Verizon Communications and AT&T have experienced a significant drop in stock value this week due to worries surrounding potential litigation and cleanup costs related to lead-sheathed cables. Investors are now looking ahead to the companies’ earnings while analysts continue to assess the outlook.

Sharp Decline in Stock Value

Analysts Weigh In on Cleanup Costs

The decline in stock value continued throughout the week as J.P. Morgan, Raymond James, and other firms published research estimating the potential cost of cleanup. However, there still remains much uncertainty regarding cable ownership and liability.

Fresh Projections on Verizon’s Cleanup Costs

New Street Research, one of the first firms to provide projections on telcos’ liabilities last week, has released updated estimates regarding the potential cost for Verizon to clean up the lead cables. In a worst-case scenario, Verizon might have to pay $5.2 billion, but the costs could also be as low as $500 million depending on whether all lead-sheathed cables or only those in the air or underwater need replacement. Initially, New Street Research had estimated an $8 billion cost for Verizon.

Decision Pending on Cable Removal

USTelecom, a telecommunications trade association, has stated that the decision to remove or leave the cables in place will depend on factors such as their age, composition, environmental impact, and worker safety.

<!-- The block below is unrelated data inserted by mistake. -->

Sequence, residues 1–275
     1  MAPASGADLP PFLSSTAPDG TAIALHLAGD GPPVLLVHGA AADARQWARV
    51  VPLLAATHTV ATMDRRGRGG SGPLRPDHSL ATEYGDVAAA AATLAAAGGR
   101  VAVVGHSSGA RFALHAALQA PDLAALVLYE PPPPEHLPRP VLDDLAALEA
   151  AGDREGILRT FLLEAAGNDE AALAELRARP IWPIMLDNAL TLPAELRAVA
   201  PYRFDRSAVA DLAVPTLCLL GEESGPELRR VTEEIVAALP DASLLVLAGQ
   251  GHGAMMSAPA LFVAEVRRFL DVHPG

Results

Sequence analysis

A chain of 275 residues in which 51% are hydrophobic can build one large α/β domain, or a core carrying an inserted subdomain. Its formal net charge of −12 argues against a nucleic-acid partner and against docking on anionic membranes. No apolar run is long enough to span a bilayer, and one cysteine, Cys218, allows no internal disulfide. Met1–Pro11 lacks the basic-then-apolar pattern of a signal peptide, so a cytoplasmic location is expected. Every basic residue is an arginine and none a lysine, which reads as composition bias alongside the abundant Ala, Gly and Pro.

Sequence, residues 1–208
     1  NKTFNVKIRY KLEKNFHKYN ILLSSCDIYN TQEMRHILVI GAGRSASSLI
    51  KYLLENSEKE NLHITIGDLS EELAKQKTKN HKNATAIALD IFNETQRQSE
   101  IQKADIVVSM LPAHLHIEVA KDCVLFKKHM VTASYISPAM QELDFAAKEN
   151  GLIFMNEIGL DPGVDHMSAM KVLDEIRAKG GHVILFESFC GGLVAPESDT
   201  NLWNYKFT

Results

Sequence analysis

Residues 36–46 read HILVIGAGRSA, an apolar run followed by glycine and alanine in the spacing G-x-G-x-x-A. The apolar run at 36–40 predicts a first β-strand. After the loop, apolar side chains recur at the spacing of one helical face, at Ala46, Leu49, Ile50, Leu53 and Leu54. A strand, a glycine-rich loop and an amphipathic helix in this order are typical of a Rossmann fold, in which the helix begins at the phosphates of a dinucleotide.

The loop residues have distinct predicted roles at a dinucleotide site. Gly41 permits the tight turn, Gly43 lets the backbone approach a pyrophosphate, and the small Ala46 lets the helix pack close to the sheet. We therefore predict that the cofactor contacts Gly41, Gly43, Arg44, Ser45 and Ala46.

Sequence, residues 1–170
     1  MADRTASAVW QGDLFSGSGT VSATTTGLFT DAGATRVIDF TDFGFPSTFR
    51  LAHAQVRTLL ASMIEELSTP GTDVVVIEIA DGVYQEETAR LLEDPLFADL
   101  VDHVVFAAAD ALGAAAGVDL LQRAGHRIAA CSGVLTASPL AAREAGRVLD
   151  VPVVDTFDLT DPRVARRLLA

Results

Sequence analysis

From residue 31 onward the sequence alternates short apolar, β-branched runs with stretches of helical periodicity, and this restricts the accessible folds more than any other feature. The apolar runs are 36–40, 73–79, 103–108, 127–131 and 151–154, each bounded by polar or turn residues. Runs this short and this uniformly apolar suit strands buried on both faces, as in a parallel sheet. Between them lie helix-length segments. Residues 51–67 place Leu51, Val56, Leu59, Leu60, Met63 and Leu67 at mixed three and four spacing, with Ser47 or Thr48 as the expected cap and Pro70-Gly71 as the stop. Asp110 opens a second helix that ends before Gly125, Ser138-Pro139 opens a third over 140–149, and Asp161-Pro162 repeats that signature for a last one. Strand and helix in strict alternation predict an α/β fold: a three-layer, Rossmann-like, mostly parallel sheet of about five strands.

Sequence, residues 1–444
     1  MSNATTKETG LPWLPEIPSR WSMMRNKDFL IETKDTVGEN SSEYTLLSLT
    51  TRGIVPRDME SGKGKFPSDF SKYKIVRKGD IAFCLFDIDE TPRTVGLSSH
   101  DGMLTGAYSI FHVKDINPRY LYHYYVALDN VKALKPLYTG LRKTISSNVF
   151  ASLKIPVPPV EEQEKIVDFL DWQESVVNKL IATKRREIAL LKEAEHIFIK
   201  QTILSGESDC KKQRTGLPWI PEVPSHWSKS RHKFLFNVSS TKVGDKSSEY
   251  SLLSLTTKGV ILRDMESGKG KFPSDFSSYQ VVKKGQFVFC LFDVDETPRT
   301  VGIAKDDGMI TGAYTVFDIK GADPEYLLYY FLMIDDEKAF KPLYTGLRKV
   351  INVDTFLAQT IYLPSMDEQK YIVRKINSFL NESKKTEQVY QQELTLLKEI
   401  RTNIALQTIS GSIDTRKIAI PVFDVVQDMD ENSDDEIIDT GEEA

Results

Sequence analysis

AT&T Faces Uncertainty as Legal and Financial Exposure Could Reach Billions

Oppenheimer analyst Timothy Horan predicts that AT&T’s legal and financial exposure will likely be under $5 billion, according to a note released on Thursday. However, Horan also notes that the exact cost is difficult to quantify and may remain uncertain for an extended period. New Street, on the other hand, estimates that AT&T could face a cost of $6.5 billion.

This potential financial burden has already had an impact on AT&T’s market value, surpassing what analysts initially estimated. As New Street’s Jonathan Chaplin points out in a note on Friday, until there is concrete evidence to the contrary, equity markets tend to lean towards worst-case scenarios.

Investors fear that AT&T may not only have to bear the cost of removing lead-sheathed cables but also deal with lawsuits from workers who handled the lead, property owners affected by these cables, and environmental activists. In January 2021, the California Sportfishing Protection Alliance filed a lawsuit against AT&T’s subsidiary Pac Bell, demanding the removal of two lead-clad cables abandoned at the bottom of Lake Tahoe decades ago. Although AT&T had previously agreed to remove the cables at an estimated cost of up to $1.5 million, a recent court filing suggests that they are temporarily halting their plans until further data is collected.

The negative sentiment surrounding AT&T and Verizon has been further compounded by public letters from Democratic Party Congressman Pat Ryan and Sen. Edward Markey. These letters demand answers from both companies and exacerbate concerns among investors.

While Verizon assures the public that it takes these concerns seriously, AT&T maintains that it has diligently followed government guidelines to protect its workers.

Given the ongoing uncertainty surrounding the potential costs, any remarks from management will undoubtedly receive intense scrutiny. Verizon is set to disclose its earnings on July 25, while AT&T will report theirs on July 26.

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